Several dozen concerned parents from the rural areas of the Tussey Mountain School District appeared at the school board’s monthly work session Monday night to share worries about student safety and bus transportation issues.
Speaking for the large delegation of school district residents—many from the Trough Creek Valley, Little Valley, Enid and Round Knob areas—were Brittany Horton, Nick Miller, Arielle Neuder, Angie Gabrielson and Whitney Snyder. Much of their comments focused on concerns with the unusual number of hours many of the younger students spend on school buses five days a week.
One Todd parent told the school board that her 6-year-old child must get up around 6 a.m. to prepare to board the school bus and does not get back home until around 4:20 p.m., resulting in a 10-hour day, five days a week for the student.
Similar remarks were aired from other parents who said that such a long day and left little time for homework and family fellowship.
Another parent from the Enid Mountain/Round Knob area of Broad Top Township expressed serious concerns over the safety of district students riding school busses on dangerous, rural highways during wintertime. “There might be only a few inches of snow in Saxton, but on Enid Mountain, the roads can get very dangerous during bad winter weather,” noted one parent.
Another parent questioned the need for students to have to sit in busses for long periods of time in conflicting temperatures and weather conditions, adding that some youngsters are not able to cope with such conditions from a physical and emotional standpoint.
Another parent said that her child begged to not have to make the long ride from the rural part of the school district to the elementary school at Saxton, following the closing of the Robertsdale and Defiance Elementary Centers a few years ago.
Still other parents/spokespersons charged that the current timelines for picking up and discharging students was not realistic and encouraged school district officials and board members to make changes in the interest of student safety. “My children are getting home 30 minutes later than they did last year,” remarked another parent who also expressed concerns over apparent unsupervised waits outside the school in both good and bad weather conditions as well as having to travel with older, high school students, a situation that many parents disliked for several reasons.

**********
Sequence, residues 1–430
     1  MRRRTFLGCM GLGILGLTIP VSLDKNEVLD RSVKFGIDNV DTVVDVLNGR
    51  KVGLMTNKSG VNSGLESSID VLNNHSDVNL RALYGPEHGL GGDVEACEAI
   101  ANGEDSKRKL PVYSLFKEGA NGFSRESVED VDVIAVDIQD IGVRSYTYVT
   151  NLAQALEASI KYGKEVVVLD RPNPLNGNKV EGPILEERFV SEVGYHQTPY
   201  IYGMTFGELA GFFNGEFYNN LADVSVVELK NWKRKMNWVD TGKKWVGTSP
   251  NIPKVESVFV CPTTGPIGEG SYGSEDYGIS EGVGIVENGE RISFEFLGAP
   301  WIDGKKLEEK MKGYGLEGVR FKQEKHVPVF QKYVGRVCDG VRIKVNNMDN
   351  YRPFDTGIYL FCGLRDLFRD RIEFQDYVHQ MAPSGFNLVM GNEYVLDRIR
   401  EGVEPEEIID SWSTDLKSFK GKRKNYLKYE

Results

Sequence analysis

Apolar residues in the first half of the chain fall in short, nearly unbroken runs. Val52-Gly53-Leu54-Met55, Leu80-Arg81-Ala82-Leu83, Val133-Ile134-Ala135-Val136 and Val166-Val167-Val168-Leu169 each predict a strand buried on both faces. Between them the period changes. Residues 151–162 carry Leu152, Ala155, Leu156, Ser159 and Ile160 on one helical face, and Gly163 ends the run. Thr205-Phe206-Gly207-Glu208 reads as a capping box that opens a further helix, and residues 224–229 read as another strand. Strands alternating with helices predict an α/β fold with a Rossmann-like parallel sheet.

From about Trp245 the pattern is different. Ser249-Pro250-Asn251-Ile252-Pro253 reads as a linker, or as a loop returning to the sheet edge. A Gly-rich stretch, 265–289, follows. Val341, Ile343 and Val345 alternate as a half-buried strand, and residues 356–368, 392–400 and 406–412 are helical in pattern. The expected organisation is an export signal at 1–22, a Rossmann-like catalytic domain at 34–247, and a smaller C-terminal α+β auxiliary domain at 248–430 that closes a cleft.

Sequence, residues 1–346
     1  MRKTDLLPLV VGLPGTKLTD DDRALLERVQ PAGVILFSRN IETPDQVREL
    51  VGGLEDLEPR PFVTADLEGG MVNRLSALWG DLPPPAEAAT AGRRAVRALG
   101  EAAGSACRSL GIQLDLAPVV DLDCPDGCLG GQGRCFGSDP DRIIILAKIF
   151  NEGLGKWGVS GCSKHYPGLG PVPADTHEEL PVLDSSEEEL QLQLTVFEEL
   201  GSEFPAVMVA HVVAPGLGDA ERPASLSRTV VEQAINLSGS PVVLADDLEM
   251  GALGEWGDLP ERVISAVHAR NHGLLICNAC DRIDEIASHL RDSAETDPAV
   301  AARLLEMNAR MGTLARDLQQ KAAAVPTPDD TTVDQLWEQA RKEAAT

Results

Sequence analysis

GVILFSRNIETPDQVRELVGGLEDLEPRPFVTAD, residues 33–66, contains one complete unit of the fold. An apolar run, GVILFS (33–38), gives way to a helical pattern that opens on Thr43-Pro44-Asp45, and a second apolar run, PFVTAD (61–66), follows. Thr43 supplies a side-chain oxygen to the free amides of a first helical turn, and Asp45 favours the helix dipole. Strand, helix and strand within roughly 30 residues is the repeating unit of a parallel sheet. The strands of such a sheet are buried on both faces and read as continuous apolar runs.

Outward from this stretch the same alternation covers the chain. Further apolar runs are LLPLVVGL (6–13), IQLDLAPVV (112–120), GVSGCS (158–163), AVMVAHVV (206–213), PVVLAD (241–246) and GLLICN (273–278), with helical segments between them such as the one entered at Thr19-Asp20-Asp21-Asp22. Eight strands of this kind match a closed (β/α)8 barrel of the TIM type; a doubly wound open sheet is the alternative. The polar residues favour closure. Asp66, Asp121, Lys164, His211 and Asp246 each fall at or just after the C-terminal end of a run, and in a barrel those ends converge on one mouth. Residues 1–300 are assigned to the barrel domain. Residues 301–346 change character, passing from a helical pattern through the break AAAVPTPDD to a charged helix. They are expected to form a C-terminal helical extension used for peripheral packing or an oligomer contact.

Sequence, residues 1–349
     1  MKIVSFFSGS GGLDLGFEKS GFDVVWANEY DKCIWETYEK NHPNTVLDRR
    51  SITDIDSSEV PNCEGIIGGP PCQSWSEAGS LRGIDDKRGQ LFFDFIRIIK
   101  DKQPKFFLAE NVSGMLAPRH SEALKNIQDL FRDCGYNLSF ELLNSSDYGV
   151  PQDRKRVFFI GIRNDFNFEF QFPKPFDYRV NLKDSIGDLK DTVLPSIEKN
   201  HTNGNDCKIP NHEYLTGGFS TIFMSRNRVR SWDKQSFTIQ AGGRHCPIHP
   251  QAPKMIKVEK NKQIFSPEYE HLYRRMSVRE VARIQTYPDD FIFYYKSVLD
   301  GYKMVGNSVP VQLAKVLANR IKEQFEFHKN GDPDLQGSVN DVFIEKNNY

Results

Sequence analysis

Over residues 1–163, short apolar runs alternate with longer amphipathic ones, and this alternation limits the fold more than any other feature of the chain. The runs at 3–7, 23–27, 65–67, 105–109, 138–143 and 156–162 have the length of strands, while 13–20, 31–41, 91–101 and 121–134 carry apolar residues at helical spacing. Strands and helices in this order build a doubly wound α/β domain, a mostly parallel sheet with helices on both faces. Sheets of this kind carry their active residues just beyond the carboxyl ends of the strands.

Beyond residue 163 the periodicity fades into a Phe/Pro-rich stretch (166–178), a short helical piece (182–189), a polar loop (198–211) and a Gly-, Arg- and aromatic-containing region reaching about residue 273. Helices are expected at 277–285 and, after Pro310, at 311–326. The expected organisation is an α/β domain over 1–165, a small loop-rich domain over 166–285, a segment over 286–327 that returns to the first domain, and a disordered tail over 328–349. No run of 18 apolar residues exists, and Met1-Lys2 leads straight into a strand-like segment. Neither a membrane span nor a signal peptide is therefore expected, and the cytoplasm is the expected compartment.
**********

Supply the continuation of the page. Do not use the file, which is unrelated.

“Sitting on a bus for long periods of time in all kinds of weather and having to wait outside the school unsupervised is not acceptable,” proclaimed another parent.
Also addressed were concerns over bus scheduling conflicts apparently sparked by the transportation of high school students to vocational classes in the Everett area as well as cost-saving measures instituted in the school district. “This should not be about saving money, it should be about the safety of our children,” declared another parent.
Several of the parents charged that telephone conversations with district Superintendent Dr. Gary Dawson about the bussing situation fell on deaf ears with at least one spokesperson calling for the resignation of the superintendent.
Dawson did not respond to the parents’ complaints during the meeting and was not immediately available for questions after the session. During a transportation meeting held prior to the start of the work session the superintendent told board members that some bus scheduling problems occurred but were being rectified.
Following the lengthy public forum held in the high school cafeteria, school board president James L. Hodge stated that the board “learned quite a bit” from the comments made by the parents, adding that the district transportation committee would be looking into the complaints.
Also present for Monday night’s workshop was Jack Jones of Broad Top City, an activist with the Junior High School Baseball team, who sought the board’s permission to allow the baseball team to utilize the baseball facilities at the Wood Township-owned J.A. Carney Athletic Field at Robertsdale for practice starting next spring.
Jones said that the use of the former Robertsdale High School football field is necessary because currently the athletes must share the Tussey high school baseball field with the varsity baseball team at East Saxton. The Wood Township Supervisors indicated last week that they did not oppose the use of the Robertsdale field.
Although the school district would not be responsible for the maintenance of the Robertsdale facility, Jones asked the district to pick up the cost for the one-time purchase of a set of bases and some infield mix necessary to prepare the baseball field for next spring’s baseball season. “But that work has to be completed this fall,” noted Jones.
The request was turned over to the district athletic committee for review as well as consulting with a Broad Top area girls softball team which also utilizes the Robertsdale facility.
When the board gathers next Monday night for its regular board session motions will be acted on regarding the hiring of four persons for school district positions, the acceptance of a resignation letter for the position of a part-time 21st Century high school aide and the approval of several volunteers for elementary wrestling.
At the end of the work session Hodge called for an executive session for personnel matters.
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